Earthquake in Japan Concerns Agricultural Sector

Japan was rocked last week by a massive 9.0 earthquake. The quake, which caused tsunamis with waves up to 33 ft. high, pummeled the northeastern portion of the main Japanese island of Honshu.  In addition to the staggering human cost of the earthquake, the recent disaster has worried American agricultural investors and exporters.

Japan is currently a major importer of American agricultural goods. Japan is the number two market for American wheat and a major market for corn and soybeans. The massive quake will most likely slow Japan’s economy, currently the third largest in the world, and will most likely lower Japanese demand for agricultural commodities.

Commodity prices dropped in the U.S. following news of the disaster. Corn prices plunged on Tuesday, and some brokers believe prices could fall as low as $5.75 a bushel. The damage to Japanese infrastructure and increasing radioactive pollution caused by damaged nuclear facilities led many investors dump stocks and commodities. In addition, while the damage done to Japanese shipping and ports has not been fully assessed, it will almost certainly hurt agricultural imports.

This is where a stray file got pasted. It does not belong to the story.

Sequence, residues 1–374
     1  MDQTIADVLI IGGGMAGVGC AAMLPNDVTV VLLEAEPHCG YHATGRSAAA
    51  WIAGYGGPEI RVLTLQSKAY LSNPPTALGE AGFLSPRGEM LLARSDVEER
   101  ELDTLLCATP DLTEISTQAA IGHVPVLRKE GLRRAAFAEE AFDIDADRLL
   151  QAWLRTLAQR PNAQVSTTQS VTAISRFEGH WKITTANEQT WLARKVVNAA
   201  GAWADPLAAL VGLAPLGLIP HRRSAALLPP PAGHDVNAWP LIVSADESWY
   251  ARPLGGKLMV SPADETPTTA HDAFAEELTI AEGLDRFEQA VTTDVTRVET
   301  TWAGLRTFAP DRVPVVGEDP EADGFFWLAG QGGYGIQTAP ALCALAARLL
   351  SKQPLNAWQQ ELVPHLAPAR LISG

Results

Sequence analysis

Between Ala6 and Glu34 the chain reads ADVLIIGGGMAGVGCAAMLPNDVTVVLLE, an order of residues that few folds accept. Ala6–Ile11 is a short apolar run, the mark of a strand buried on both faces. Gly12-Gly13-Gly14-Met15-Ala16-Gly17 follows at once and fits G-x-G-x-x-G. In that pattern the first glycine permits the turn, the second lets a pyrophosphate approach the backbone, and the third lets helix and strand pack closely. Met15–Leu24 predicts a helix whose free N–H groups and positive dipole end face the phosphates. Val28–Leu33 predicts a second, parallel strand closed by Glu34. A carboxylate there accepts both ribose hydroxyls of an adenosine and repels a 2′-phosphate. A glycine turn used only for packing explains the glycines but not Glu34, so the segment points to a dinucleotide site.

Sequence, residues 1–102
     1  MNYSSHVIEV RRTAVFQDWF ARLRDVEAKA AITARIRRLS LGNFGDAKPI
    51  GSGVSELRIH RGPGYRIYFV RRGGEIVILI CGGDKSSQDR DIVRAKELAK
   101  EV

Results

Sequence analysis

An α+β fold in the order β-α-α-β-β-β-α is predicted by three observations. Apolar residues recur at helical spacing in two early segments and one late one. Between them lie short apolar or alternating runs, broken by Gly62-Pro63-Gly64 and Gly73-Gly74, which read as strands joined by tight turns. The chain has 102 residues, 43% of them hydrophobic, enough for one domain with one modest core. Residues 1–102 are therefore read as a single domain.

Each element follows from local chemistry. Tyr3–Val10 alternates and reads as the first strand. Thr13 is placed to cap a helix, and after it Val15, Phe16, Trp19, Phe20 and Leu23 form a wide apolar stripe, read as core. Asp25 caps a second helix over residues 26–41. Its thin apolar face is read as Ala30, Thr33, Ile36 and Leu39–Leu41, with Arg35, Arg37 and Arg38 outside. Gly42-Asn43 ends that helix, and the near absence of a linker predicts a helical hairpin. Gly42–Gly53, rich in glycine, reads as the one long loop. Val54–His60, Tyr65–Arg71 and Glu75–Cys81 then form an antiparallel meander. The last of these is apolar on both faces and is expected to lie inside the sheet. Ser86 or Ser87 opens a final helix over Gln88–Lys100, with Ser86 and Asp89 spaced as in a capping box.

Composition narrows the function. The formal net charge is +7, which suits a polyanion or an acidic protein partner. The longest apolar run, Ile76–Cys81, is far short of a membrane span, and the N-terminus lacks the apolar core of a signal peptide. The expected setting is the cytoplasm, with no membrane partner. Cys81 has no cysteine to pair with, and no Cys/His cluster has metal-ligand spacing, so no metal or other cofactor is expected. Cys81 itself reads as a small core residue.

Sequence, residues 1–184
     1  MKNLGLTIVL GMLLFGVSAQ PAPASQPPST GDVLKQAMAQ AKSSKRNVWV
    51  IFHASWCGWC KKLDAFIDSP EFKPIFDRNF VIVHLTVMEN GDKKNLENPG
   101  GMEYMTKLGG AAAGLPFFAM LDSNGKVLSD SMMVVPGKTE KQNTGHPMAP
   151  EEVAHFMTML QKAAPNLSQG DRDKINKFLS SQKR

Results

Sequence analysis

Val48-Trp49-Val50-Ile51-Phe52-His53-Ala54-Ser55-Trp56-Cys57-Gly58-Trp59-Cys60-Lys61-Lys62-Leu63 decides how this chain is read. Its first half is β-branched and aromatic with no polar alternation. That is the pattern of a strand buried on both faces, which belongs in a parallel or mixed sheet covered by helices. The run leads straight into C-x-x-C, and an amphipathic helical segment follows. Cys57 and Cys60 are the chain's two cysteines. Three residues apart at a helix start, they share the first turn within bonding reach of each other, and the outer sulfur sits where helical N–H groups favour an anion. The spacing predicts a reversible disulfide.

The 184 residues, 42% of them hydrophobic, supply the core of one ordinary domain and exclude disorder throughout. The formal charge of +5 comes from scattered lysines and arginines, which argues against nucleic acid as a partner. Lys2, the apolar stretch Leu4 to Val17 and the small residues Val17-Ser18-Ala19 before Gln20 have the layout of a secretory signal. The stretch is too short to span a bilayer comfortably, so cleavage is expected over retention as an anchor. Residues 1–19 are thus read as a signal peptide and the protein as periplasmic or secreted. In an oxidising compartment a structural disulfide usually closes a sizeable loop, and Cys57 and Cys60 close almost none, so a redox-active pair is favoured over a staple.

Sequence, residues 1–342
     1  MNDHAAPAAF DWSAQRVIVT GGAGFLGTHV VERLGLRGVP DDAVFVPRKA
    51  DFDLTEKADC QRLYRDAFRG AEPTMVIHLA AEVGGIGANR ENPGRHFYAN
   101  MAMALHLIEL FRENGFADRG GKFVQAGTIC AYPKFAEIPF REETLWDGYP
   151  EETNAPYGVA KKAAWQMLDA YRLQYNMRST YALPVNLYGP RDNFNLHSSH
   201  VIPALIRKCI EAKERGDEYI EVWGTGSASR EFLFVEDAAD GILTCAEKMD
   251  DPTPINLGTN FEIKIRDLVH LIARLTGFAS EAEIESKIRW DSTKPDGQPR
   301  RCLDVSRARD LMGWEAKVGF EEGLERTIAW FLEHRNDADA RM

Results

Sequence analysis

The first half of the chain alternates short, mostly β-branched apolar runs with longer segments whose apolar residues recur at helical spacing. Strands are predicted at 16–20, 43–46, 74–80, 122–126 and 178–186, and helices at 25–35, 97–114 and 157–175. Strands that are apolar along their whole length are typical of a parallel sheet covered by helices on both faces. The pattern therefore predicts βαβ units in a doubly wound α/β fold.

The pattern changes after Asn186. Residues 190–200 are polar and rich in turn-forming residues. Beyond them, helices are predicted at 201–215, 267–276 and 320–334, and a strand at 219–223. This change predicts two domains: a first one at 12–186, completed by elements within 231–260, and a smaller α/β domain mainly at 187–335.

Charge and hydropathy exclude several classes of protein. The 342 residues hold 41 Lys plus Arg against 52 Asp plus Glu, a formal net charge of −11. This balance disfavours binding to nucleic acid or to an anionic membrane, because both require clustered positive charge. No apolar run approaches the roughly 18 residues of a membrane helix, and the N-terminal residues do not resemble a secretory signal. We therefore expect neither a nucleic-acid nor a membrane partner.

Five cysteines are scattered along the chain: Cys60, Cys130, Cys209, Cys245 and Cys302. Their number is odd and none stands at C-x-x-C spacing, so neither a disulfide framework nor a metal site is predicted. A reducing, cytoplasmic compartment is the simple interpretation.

The long-term impact of the earthquake is harder to assess. Initial assessments of Japanese agricultural production facilities indicate damage from both the earthquake and the fallout from Japan’s nuclear reactor, damage which could lower Japanese agricultural production and, in the long-term, encourage further importation of American goods.

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Written by: Justin Ellison / Farm Plus Staff Writer